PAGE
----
God in Christianity
Christian conception of God / From Wikipedia, the free encyclopedia
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God in Christianity is believed to be the eternal, supreme being who created and preserves all things. Christians believe in a monotheistic conception of God, which is both transcendent (wholly independent of, and removed from, the material universe) and immanent (involved in the material universe). Christian teachings on the transcendence, immanence, and involvement of God in the world and his love for humanity exclude the belief that God is of the same substance as the created universe (rejection of pantheism) but accept that God the Son assumed hypostatically united human nature, thus becoming man in a unique event known as "the Incarnation".
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Early Christian views of God were expressed in the Pauline epistles and the early Christian creeds, which proclaimed one God and the divinity of Jesus.[lower-alpha 1] Although some early sects of Christianity, such as the Jewish-Christian Ebionites, protested against the apotheosis of Jesus, the concept of Jesus being one with God was accepted by the majority of Gentile Christians. This formed one aspect of the split of early Christianity and Judaism, as Gentile Christian views of God began to diverge from the traditional Jewish teachings of the time.
The theology of the attributes and nature of God has been discussed since the earliest days of Christianity, with Irenaeus writing in the 2nd century: "His greatness lacks nothing, but contains all things". In the 8th century, John of Damascus listed eighteen attributes which remain widely accepted. As time passed, Christian theologians developed systematic lists of these attributes, some based on statements in the Bible (e.g., the Lord's Prayer, stating that the Father is in Heaven), others based on theological reasoning. The Kingdom of God is a prominent phrase in the Synoptic Gospels, and while there is near unanimous agreement among scholars that it represents a key element of the teachings of Jesus, there is little scholarly agreement on its exact interpretation.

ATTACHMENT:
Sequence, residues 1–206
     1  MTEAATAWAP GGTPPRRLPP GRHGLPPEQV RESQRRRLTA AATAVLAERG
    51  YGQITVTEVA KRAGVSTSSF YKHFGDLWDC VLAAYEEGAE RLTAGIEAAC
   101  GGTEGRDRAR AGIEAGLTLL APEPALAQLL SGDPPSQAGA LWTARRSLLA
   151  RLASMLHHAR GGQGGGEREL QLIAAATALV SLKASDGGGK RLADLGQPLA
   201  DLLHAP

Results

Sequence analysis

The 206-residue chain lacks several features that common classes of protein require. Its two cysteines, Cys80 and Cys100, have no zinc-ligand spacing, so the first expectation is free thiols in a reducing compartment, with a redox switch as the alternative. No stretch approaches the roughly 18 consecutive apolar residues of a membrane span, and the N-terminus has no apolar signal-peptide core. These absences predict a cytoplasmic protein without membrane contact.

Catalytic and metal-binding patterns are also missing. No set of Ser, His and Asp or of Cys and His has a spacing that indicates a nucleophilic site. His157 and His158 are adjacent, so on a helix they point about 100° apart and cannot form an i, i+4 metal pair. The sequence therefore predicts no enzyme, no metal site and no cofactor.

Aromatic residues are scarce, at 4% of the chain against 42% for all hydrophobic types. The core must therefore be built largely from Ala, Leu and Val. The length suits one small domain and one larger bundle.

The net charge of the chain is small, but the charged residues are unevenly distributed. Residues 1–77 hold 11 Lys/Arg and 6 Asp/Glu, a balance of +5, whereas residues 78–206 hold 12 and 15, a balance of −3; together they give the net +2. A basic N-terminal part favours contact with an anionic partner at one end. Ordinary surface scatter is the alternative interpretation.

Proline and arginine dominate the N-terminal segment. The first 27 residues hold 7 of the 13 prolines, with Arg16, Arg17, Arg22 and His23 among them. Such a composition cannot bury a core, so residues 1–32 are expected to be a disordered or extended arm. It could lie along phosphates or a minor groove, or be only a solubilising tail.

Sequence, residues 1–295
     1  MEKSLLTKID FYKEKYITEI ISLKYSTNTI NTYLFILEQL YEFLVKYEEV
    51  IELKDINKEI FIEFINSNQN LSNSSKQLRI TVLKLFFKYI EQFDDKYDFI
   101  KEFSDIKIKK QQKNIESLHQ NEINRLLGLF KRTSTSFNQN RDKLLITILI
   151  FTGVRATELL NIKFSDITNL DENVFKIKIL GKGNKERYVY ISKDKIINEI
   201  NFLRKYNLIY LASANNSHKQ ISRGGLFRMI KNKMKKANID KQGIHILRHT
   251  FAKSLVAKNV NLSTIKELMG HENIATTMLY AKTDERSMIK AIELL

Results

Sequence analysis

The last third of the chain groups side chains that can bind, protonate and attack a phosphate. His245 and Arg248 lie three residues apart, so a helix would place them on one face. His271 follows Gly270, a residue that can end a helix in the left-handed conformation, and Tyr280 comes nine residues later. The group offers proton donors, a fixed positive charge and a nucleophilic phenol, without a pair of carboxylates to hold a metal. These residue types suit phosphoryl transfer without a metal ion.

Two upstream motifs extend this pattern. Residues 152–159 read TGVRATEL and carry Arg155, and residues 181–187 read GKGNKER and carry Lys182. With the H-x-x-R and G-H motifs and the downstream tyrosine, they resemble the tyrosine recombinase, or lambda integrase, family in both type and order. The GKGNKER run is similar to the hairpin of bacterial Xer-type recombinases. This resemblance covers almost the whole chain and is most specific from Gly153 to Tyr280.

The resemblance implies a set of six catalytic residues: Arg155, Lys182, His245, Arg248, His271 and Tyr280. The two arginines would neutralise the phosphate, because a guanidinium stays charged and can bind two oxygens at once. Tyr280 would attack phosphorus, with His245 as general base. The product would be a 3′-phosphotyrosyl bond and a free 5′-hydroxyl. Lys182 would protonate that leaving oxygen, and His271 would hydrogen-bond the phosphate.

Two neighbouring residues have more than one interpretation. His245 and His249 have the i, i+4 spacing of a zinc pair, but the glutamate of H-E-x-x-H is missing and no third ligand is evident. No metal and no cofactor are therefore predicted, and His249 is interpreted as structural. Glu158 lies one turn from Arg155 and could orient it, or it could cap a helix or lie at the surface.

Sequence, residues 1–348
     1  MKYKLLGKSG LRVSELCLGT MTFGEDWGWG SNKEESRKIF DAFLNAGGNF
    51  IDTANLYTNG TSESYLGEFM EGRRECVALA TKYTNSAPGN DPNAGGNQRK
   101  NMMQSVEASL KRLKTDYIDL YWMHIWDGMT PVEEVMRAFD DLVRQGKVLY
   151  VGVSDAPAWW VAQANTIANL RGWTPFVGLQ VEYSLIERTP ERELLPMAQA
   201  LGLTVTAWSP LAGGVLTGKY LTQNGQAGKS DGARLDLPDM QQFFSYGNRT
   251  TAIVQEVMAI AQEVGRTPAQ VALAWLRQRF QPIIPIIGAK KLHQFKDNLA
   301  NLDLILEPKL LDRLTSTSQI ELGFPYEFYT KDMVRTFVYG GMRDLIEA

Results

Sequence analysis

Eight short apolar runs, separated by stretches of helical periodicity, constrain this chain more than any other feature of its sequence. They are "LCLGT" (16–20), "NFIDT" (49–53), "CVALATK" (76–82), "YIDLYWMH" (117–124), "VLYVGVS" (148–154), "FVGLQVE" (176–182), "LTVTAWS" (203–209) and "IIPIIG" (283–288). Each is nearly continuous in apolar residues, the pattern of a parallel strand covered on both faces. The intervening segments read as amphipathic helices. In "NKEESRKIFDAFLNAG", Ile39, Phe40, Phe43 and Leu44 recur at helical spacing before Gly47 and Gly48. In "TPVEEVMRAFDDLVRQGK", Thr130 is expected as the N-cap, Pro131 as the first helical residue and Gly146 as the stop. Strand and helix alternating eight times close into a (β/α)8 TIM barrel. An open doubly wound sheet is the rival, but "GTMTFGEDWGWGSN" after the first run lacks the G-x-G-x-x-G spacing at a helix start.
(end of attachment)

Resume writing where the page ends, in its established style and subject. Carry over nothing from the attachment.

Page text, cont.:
Although the New Testament does not have a formal doctrine of the Trinity as such, "it does repeatedly speak of the Father, the Son, and the Holy Spirit... in such a way as to compel a Trinitarian understanding of God". Around the year 200 AD, Tertullian formulated a version of the doctrine of the Trinity which clearly affirmed the divinity of Jesus. This concept was later expanded upon at the First Council of Nicaea in 325 AD, and a later definitive form was produced by the Ecumenical Council of 381. The Trinitarian doctrine holds that God the Son, God the Father, and God the Holy Spirit are all different hypostases (Persons) of one substance, and is not traditionally held to be one of tritheism. Trinitarianism was subsequently practiced through Nicene Christianity thereafter, and forms a cornerstone of modern Christian understandings of God, though some Christian denominations hold Nontrinitarian views about God.